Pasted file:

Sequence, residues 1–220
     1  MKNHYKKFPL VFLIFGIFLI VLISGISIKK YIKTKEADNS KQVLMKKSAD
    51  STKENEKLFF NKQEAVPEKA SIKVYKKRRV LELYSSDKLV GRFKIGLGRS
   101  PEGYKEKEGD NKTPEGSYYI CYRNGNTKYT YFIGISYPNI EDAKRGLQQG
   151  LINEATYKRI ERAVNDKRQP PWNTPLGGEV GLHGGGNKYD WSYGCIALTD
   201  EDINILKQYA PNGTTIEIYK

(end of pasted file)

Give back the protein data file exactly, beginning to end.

Sequence, residues 1–220
     1  MKNHYKKFPL VFLIFGIFLI VLISGISIKK YIKTKEADNS KQVLMKKSAD
    51  STKENEKLFF NKQEAVPEKA SIKVYKKRRV LELYSSDKLV GRFKIGLGRS
   101  PEGYKEKEGD NKTPEGSYYI CYRNGNTKYT YFIGISYPNI EDAKRGLQQG
   151  LINEATYKRI ERAVNDKRQP PWNTPLGGEV GLHGGGNKYD WSYGCIALTD
   201  EDINILKQYA PNGTTIEIYK